HumAngle’s Top 10 Atypical Stories Of The Year

HumAngle has published a wide range of stories this year. Stories that are unique and diverse. In no particular order, here are the top 10 stories we think were most unique, whether in terms of reporting style, location, topic, or methodology.

1. The Buni Yadi Tragedy: When The Boys Came

In January 2023, we started to publish a series of reports around the Buni Yadi massacre of school boys in 2014 by the Boko Haram terror group. The stories followed the experiences of the victims who had died through interviews with their family members and the experiences of people who survived through interviews with them. The approach we took with the reportage tried to play with form; in one report, we attempted to tell the story without weaving any direct quotes from the interviewee into the report, but having them as standalone quotes that punctuated the report. In another report, we attempted to weave the storytelling around a poem about the massacre that had been written by another Nigerian poet, Gbenga Adesina, using quotes from the poem as outstanding guides.

2. No Way Home: Satellite Images Reveal Dozens Of Towns Destroyed By Boko Haram Conflict 

We located over 200 towns, hamlets, and villages in Borno State that had been completely destroyed by the activities of terror groups. Through a combination of text-based reporting and satellite data imagery and analysis, we created a visual representation of the impact of the insurgency on geography, civilisation, and human development. You can read it here.

3. Turning Grief Into A War Cry: The Women On The Frontline Against Boko Haram

Reportage around counterinsurgency operations is characterised by the efforts of the troops. But troops, despite being a gender-neutral word, often appears to mean men. In this report, we spoke with and documented the experiences of women who are on the frontlines fighting the Boko Haram terror group in Nigeria’s northeastern region. 

4. How Does It Feel To Be A Parent Whose Sons Joined Boko Haram?

There isn’t a shortage of stories on the horrors Boko Haram has brought to civilians in the Lake Chad region, but there just might be a shortage of stories on the ripple effects of the terrorists joining the group, especially for those who were not born into it. How does it feel to be a parent to a man who denounced everything you have raised him with and join a deadly terror group? This story tells us that. 

5. What Goes On In The Mind Of A Terrorist Woman? 

The experiences of women in conflict areas are very similar; they are oppressed, sidelined when aid is shared, and often have to undergo all kinds of sexual violence. But there are many other forms that their experiences take. Sometimes, they are willing participants in the infliction of terror. What goes on in the mind of a terrorist woman? Here is a window into Mariam’s mind.

6. Nigeria Is Losing The Fight For Education 

In this interactive report, we fuse sound, text, and visual tools to tell a condensed and easily understandable story of how education continues to suffer at the hands of insurgent groups. The report can be savoured with or without sound and on mobile devices or computers, but a computer gives a more enjoyable experience with the sound enabled.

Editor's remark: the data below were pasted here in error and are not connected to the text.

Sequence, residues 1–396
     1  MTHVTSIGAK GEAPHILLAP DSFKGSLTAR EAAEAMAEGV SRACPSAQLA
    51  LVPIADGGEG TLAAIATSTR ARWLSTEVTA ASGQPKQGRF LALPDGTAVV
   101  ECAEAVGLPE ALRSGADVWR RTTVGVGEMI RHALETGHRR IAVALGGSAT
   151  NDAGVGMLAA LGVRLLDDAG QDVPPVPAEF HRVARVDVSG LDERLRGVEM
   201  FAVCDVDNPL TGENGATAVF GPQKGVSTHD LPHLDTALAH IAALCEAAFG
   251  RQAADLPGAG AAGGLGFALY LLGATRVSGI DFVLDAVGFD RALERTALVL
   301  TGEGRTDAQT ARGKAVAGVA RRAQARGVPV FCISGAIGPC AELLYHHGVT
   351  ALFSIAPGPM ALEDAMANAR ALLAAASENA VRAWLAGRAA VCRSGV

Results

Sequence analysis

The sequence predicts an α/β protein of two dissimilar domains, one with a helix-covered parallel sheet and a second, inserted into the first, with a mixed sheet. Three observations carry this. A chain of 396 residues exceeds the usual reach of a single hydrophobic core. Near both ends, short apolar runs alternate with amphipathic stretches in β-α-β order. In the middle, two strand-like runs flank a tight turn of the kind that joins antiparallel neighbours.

7. Into The Abyss Of Deaths, Burials, And Missing People In Nigeria’s War On Terror 

This investigation into atrocities committed by security agents in northeastern Nigeria is the product of several data-sourcing and visualisation techniques. It involved interviews with dozens of sources, data obtained from whistleblowing, and an extensive analysis of satellite data that uncovered fresh evidence. Because of the shortage of regular satellite imagery in the region, the open-source intelligence analysis relied on a method that’s rarely applied in journalism, involving the use of microwave energy to detect surface and sub-soil changes. The interactive map embedded in the report is also one-of-a-kind in the local media space.

8. The Price Of Being Fulani In Northwestern Nigeria 

The Fulanis have been seen, for a long time, to be perpetrators of violence in Nigeria, especially in the northern region. In this report, we show that they, too, are often victims, even in communities that belong to them.

9. Sudanese Doctors Diagnosed Their Country And Prescribed A Revolution  

The report starts with this subheadline: when the Sudanese people trooped to the streets in Dec. 2018, frustrated by the country’s worsening economy, physicians were at the frontlines in ensuring those grievances led to broader political reforms. How? Find out here.

10. Nairobi’s Sex Trafficking Gangs And The Girls On The Receiving End

The report’s subheadline: Organised sex trafficking networks operating in Kenya’s capital city prowl rural communities for vulnerable girls. They promise them an escape from poverty. Instead, they lock them up in hotel rooms with tourists who abuse them for many months — often without consequence.

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Hauwa Shaffii Nuhu

Hauwa Shaffii Nuhu is the Managing Editor at HumAngle. She researches and investigates terrorism & insurgency and its human cost and aftermath, particularly how they affect transitional justice issues, displacement, migration, and women. She is a 2023 Pulitzer Centre grantee, a 2023 International Women Media Fund awardee, and a 2022 Storify Africa fellow, among several others.

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